Over the past several months, Ted Strickland has attended event after event using education as his theme of choice.
Clearly, it’s a strategic maneuver designed to divert attention away from the Ohio job crisis and budget debacle.
The following statement from a Strickland fundraising letter this past May highlights what I believe will be, for now at least, the Governor’s re-election campaign theme:
I’m convinced that the key to growing our economy is making sure we have the best educated workforce in the nation.
This statement enables Strickland to do two things:
- Make education the focus.
- Infer he is addressing the job crisis.
I’ll address point two first. As I’ve stated several times before, no one denies that an educated workforce is essential to building a strong economy. But to make some sort of imagined education crisis his focus, it implies a poor education system was also the cause for Ohio’s massive job losses and labor force reduction.
Clearly, that’s not the case. If anything, Ohio’s 4th worst in the nation business climate ranking is far more detrimental to Ohio’s flailing economy than anything that is going on in Mrs. Frank’s 4th grade math class.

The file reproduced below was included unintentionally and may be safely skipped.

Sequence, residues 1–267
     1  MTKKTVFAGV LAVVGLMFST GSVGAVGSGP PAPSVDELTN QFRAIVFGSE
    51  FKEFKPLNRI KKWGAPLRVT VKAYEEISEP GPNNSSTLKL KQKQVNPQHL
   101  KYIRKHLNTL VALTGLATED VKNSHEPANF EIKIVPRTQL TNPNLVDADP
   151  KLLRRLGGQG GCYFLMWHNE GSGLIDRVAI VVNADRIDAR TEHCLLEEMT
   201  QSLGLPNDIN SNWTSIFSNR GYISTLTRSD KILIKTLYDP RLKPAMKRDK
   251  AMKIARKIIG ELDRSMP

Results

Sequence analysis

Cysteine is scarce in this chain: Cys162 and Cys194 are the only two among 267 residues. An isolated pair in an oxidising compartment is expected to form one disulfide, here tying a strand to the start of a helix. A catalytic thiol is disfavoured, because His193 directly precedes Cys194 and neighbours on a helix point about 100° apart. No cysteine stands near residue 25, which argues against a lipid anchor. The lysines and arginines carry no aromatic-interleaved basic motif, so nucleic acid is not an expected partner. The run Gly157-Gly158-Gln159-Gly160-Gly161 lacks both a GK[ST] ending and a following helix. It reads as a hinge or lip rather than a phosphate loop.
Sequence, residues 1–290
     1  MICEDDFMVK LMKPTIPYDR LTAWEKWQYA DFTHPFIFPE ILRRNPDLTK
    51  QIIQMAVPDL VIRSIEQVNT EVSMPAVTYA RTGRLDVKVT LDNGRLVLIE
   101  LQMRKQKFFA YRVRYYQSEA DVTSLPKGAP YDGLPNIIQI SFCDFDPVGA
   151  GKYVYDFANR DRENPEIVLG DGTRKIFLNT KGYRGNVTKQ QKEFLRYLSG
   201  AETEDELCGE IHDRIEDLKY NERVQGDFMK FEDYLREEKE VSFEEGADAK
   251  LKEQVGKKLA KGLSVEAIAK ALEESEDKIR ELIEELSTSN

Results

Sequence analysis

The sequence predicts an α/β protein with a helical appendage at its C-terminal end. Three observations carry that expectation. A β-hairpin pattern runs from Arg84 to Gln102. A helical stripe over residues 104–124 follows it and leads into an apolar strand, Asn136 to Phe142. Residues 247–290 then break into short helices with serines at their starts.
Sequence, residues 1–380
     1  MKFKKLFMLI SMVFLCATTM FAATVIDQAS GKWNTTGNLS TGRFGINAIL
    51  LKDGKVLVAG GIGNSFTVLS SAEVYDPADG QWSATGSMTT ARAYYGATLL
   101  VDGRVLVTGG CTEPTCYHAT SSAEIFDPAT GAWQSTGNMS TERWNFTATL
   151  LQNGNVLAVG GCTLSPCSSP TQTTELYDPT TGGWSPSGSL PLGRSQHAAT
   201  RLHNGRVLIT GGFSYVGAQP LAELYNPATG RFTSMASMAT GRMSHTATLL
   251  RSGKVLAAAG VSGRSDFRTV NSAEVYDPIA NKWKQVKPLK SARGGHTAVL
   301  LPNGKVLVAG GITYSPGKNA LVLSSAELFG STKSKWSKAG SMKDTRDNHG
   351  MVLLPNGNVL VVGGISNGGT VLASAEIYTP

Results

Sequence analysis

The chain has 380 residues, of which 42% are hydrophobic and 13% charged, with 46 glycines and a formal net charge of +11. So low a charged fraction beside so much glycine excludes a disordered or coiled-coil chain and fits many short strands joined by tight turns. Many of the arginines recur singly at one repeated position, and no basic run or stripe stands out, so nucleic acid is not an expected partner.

In addition, Ohio’s education system is far from in crisis, as highlighted here.
Now to point one…making education the focus.
Considering your record, is that really a good idea, Governor?
Let’s look at how you’ve funded education in the most recent budget:
- Early education: the bedrock of your Turnaround Ohio plan
This was a recent headline in the Columbus Dispatch:
- Adult Education: If education is the key to saving Ohio’s economy, naturally adult education and training would be essential to get unemployed Ohioans back into the workforce.
Except in the Governor’s most recent budget…
-Testing to get your GED is cut 29.5%.
-Adult literacy funding is zeroed out completely.
-Post-secondary adult-career technical education is cut 100%.
-Career-Technical Education Enhancements lose $742,000 in funding.
-Adult Basic Education has gone from being funded at $17,000,000 in 2008….to zero.
Obviously, adult education isn’t a priority.
- Overall Education Funding: Where the rubber meets the road.
So overall, what did Ted Strickland’s most recent budget do for education?
He cut it by 9.2%.
And yet, the Governor wants it to be the message of his entire campaign.
Now, the point of this post isn’t to say this budget cut or that budget cut wasn’t essential. It’s merely to point out the strange situation Ted Strickland has placed himself in for his upcoming re-election campaign. By making education his number one issue, he has positioned himself to be judged on a record that can be easily exploited.
And that’s not a good idea.